Linking maternal mortality files to violent death reporting system reveals more pregnancy-associated suicides, homicides

October 21, 2016

A recent study that linked data from the North Carolina Maternal Mortality Review to the North Carolina Violent Death Reporting System (NC-VDRS) revealed that violent deaths occurring during pregnancy and up to one year postpartum are under-reported.

Injuries, including those resulting from violence, are a leading cause of death for women during pregnancy and the postpartum period. Before this study, it was unknown whether the traditional maternal mortality surveillance system in N.C. was accurately capturing all pregnancy-associated violent deaths.

Anna Austin

Anna Austin

Study co-author Anna Austin, MPH, is a doctoral student of maternal and child health, with an epidemiology minor, at the UNC Gillings School of Global Public Health. She worked with Catherine Vladutiu, PhD, an alumna of the Gillings School who now is a research assistant professor in UNC’s Department of Obstetrics & Gynecology and an adjunct assistant professor in the Gillings School’s Department of Epidemiology, and with researchers in the N.C. Division of Public Health and N.C. State Center for Health Statistics, to connect disparate sources of data on pregnancy-associated suicides and homicides.

The full article, titled “Improved Ascertainment of Pregnancy-Associated Suicides and Homicides in North Carolina,” was published online Oct. 13 in a special edition of the American Journal of Preventive Medicine.

In the study, the investigators linked data from the NC-VDRS to data from the traditional maternal mortality surveillance system for the years 2005 through 2011. Traditional system data include death certificates with any mention of pregnancy, death certificates matched to a live birth or fetal death record, and discharge records for women who died in the hospital with a pregnancy-related diagnosis.

This process identified 29 suicides and 55 homicides among pregnant and postpartum women, compared with previously reported numbers of 20 suicides and 34 homicides. Thus, pregnancy-related mortality ratios for suicide (3.3 versus 2.3 deaths per 100,000 live births) and homicide (6.2 versus 3.9 deaths per 100,000 live births) are higher than previously thought.

The researchers identified two possible explanations for the under-detection of pregnancy-associated violent deaths with the traditional surveillance system. First, pregnancy may not have been noted on death certificates, as a pregnancy checkbox was not added to death certificates in N.C. until 2014. In other states, however, the checkbox still has not been fully effective in identifying pregnancy-associated homicides and suicides.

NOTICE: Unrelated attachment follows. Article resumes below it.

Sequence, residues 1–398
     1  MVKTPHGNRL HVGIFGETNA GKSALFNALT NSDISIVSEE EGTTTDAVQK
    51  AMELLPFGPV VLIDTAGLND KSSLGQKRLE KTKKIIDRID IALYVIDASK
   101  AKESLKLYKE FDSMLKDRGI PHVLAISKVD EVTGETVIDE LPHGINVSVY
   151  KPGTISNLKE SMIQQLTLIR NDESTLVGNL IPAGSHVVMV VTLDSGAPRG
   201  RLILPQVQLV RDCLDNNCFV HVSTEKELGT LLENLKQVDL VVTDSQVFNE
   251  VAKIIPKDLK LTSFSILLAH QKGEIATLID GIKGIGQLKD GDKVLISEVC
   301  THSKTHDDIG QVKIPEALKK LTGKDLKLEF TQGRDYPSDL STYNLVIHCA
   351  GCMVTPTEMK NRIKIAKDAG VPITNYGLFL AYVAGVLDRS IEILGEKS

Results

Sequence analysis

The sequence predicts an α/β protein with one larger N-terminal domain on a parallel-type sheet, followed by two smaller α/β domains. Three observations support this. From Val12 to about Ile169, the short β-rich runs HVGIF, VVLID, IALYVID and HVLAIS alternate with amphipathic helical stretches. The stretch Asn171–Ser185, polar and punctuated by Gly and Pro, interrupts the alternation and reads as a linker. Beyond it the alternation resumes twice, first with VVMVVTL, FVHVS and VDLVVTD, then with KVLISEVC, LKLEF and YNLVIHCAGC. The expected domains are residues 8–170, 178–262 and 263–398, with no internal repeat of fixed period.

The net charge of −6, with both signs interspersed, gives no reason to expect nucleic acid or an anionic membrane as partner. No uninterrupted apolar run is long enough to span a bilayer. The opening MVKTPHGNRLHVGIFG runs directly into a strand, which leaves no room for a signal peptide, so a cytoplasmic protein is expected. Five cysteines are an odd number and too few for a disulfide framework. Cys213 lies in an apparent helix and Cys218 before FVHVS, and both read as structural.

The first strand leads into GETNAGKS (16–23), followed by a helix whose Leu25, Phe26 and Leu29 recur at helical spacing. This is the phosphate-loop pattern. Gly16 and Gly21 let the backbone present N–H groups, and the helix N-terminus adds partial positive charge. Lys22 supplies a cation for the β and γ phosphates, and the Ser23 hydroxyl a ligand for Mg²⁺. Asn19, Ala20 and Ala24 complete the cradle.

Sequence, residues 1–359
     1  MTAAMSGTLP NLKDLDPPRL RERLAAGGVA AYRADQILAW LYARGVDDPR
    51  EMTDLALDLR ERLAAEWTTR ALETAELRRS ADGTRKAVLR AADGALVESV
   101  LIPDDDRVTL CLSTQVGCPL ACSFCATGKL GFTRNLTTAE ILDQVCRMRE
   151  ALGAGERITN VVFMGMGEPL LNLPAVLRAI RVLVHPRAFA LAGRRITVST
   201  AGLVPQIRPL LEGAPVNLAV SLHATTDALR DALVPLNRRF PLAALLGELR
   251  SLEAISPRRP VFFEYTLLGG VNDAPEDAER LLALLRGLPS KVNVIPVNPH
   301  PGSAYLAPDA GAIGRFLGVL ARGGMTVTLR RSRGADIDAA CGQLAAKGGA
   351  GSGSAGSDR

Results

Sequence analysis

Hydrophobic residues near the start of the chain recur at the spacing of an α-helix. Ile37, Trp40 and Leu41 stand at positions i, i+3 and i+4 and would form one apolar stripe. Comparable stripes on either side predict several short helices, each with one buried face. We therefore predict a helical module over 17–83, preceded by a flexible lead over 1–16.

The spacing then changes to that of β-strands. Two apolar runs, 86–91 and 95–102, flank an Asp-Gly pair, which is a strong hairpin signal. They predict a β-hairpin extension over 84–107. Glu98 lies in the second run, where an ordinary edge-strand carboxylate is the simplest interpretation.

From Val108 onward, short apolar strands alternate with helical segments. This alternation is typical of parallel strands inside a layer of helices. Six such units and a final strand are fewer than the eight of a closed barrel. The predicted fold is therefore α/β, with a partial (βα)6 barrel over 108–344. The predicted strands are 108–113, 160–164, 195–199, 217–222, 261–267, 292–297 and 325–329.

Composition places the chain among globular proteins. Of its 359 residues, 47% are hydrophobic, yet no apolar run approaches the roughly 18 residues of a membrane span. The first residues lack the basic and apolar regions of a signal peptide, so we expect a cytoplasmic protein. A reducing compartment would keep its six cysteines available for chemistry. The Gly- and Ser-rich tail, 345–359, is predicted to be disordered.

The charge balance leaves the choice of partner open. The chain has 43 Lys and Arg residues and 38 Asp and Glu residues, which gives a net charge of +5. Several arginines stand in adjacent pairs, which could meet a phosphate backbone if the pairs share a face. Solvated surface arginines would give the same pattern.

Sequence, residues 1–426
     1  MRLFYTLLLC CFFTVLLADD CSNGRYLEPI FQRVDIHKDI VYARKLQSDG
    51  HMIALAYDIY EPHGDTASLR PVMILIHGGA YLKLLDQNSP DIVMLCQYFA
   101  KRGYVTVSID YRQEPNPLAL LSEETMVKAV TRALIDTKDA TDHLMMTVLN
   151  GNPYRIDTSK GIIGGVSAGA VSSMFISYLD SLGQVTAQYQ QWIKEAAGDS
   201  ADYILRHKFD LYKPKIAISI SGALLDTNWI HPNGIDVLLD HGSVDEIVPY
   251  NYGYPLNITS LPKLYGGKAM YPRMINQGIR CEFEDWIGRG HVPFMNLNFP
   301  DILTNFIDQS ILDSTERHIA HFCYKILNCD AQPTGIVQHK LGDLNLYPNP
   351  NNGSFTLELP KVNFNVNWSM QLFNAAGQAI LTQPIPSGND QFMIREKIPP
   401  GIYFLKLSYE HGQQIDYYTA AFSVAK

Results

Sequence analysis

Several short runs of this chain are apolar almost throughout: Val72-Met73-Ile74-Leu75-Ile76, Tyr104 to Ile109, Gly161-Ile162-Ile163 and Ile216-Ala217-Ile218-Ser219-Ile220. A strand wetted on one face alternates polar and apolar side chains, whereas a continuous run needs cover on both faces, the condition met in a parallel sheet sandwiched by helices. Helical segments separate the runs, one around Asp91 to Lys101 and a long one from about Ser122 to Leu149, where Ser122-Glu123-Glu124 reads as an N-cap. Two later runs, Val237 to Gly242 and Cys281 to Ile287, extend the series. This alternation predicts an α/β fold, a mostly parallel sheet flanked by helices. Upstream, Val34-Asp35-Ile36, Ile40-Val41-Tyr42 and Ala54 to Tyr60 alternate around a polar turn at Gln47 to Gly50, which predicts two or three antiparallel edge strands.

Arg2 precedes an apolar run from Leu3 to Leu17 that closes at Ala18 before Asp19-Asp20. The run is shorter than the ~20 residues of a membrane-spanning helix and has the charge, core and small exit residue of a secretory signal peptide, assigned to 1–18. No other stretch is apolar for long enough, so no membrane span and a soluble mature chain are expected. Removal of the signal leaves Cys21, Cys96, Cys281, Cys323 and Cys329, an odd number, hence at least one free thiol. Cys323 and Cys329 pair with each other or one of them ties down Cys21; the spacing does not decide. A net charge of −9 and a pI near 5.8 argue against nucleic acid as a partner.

Second, a live birth or fetal death certificate may not have existed for all pregnancy-associated homicides and suicides, as N.C. does not file certificates for fetal deaths occurring before 20 weeks gestation. The inclusion of medical examiner and autopsy reports in the NC-VDRS helped identify homicides and suicides occurring early in pregnancy.

In addition to revealing these gaps in collected data, the process of linking information from the maternal mortality surveillance system with the NC-VRDS offered more insight into the circumstances surrounding violent deaths. For example, the researchers found evidence that, among pregnancy-associated suicides, more than half of victims were reported to have one or more known mental health diagnoses, with 18 percent of the suicides being linked to postpartum depression. Similarly, the majority of pregnancy-associated homicides were revealed to be related to intimate partner violence (IPV).

This information highlights the importance of standard screening during prenatal and postnatal visits. The American Congress of Obstetricians and Gynecologists (ACOG) recommends screening for depression and anxiety symptoms at least once during the perinatal period. In this study, most prenatal suicides occurred during the first trimester of pregnancy, suggesting that screening during early pregnancy may be particularly important.

With regard to IPV, ACOG recommends that clinicians screen women at the first prenatal visit, at least once per trimester and at the first postpartum visit. In this study, more than half the homicides among postpartum women occurred more than six months post-delivery, indicating a need for continued vigilance beyond the initial postpartum visit. From a practical standpoint, this could occur at pediatric visits for the infant.

The co-authors note that the study has limitations: While linking traditional maternal mortality surveillance system records with the NC-VDRS captured 55.6 percent more pregnancy-associated violent deaths than traditional surveillance alone, such deaths still may be under-reported. Not all autopsies of women include an examination for pregnancy, and family and friends who provide information for law enforcement incident reports may be unaware of early or unintended pregnancies.

Ultimately, this research highlights the importance of utilizing multiple data sources to ensure accurate reporting of pregnancy-associated violent deaths. Further exploration into the causes of violent deaths of pregnant and postpartum women may aid in the development of effective strategies to prevent them.


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Gillings School of Global Public Health contact: David Pesci, director of communications, (919) 962-2600 or dpesci@unc.edu

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